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Abstract: Van Gelder's characterization of the differences between the dynamical and computational hypotheses, in terms of the contrast between change versus state and geometry versus structure, suggests that the dynamical approach is also at odds with classical mechanism. Dynamical and mechanistic approaches are in fact allies: mechanism can identify components whose properties define the variables that are related in dynamical analyses
Abstract: In this paper I discuss Searle's claim that the computational properties of a system could never cause a system to be conscious. In the first section of the paper I argue that Searle is correct that, even if a system both behaves in a way that is characteristic of conscious agents (like ourselves) and has a computational structure similar to those agents, one cannot be certain that that system is conscious. On the other hand, I suggest that Searle's intuition that it is “empirically absurd” that such a system could be conscious is unfounded. In the second section I show that Searle's attempt to show that a system's computational states could not possibly cause it to be conscious is based upon an erroneous distinction between computational and physical properties. On the basis of these two arguments, I conclude that, supposing that the behavior of conscious agents can be explained in terms of their computational properties, we have good reason to suppose that a system having computational properties similar to such agents is also conscious
Abstract: What Robots Can and Can't Be (hereinafter Robots) is, as Selmer Bringsjord says "intended to be a collection of formal-arguments-that-border-on-proofs for the proposition that in all worlds, at all times, machines can't be minds" (Bringsjord, forthcoming). In his (1994) "Précis of What Robots Can and Can't Be" Bringsjord styles certain of these arguments as proceeding "repeatedly . . . through instantiations of" the "simple schema"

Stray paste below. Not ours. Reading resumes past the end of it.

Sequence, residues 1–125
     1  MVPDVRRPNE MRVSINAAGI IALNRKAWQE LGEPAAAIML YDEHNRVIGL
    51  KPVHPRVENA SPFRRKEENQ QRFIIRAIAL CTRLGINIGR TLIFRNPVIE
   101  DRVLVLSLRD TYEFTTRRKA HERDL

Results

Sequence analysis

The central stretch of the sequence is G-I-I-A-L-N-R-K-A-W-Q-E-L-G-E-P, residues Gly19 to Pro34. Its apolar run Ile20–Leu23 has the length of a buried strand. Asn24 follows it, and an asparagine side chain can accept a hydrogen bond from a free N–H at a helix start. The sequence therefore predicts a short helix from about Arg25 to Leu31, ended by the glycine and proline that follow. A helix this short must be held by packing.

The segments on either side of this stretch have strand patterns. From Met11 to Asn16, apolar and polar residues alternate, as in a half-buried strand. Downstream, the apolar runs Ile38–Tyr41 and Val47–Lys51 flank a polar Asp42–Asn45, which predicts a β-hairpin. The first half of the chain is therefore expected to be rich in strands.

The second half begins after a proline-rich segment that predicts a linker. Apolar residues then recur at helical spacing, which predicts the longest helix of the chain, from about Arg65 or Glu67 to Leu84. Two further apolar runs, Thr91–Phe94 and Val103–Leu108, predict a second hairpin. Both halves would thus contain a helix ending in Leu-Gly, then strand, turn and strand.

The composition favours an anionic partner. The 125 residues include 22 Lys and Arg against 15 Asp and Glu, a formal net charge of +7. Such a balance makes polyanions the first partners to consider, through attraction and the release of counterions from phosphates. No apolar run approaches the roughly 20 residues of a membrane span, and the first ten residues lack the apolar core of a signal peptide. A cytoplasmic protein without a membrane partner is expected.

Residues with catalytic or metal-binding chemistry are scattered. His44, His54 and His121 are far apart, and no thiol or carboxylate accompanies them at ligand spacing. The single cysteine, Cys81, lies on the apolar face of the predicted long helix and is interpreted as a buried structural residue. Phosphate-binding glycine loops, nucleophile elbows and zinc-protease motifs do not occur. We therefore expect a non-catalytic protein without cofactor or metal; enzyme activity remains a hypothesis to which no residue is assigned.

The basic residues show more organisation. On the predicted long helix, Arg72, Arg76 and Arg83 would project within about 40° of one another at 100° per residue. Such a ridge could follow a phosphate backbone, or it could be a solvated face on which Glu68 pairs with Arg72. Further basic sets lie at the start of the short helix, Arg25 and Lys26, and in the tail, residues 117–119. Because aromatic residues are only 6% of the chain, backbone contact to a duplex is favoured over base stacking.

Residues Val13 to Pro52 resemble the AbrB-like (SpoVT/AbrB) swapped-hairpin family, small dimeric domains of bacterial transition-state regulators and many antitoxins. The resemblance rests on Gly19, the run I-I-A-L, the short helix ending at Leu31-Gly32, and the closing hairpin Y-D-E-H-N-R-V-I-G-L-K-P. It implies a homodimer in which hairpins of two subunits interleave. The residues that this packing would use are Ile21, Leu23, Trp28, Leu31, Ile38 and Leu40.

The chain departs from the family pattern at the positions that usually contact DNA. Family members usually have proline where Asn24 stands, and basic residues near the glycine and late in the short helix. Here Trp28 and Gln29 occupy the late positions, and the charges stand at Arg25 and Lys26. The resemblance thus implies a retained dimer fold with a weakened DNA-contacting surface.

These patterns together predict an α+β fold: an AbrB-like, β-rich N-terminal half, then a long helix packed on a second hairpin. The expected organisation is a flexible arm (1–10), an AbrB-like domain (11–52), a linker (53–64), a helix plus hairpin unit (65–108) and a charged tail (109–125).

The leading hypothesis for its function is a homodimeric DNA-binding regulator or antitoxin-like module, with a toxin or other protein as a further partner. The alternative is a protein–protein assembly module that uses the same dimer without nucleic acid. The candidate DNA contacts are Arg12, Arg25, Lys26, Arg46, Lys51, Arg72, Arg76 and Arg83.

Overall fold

Abstract: Computationalism, a specie of functionalism, posits that a mental state like pain is realized by a ‘core’ computational state within a particular causal network of such states. This entails that what is realized by the core state is contingent on events remote in space and time, which puts computationalism at odds with the locality principle of physics. If computationalism is amended to respect locality, then it posits that a type of phenomenal experience is determined by a single type of computational state. But a computational state, considered by itself, is of no determinate type—it has no particular symbolic content, since it could be embedded in any of an infinite number of algorithms. Hence, if locality is respected, then the type of experience that is realized by a computational state, or whether any experience at all is realized, is under-determined by the computational nature of the state. Accordingly, Block’s absent and inverted qualia arguments against functionalism find support in the locality principle of physics. If computationalism denies locality to avoid this problem, then it cannot be considered a physicalist theory since it would entail a commitment to phenomena, like teleological causation and action-at-a-distance, that have long been rejected by modern science. The remaining theoretical alternative is to accept the locality principle for macro events and deny that formal, computational operations are sufficient to realize a phenomenal mental state
Luna, Laureano & Small, Christopher (2009). Intentionality and Computationalism. A Diagonal Argument.Mind and Matter 7 (1):81-90. (Google)
Abstract: Computationalism is the claim that all possible thoughts are computations, i.e. executions of algorithms. The aim of the paper is to show that if intentionality is semantically clear, in a way defined in the paper, then computationalism must be false. Using a convenient version of the phenomenological relation of intentionality and a diagonalization device inspired by Thomson's theorem of 1962, we show there exists a thought that canno be a computation.
Abstract: Computationalism has been the mainstream view of cognition for decades. There are periodic reports of its demise, but they are greatly exaggerated. This essay surveys some recent literature on computationalism and reaches the following conclusions. Computationalism is a family of theories about the mechanisms of cognition. The main relevant evidence for testing computational theories comes from neuroscience, though psychology and AI are relevant too. Computationalism comes in many versions, which continue to guide competing research programs in philosophy of mind as well as psychology and neuroscience. Although our understanding of computationalism has deepened in recent years, much work in this area remains to be done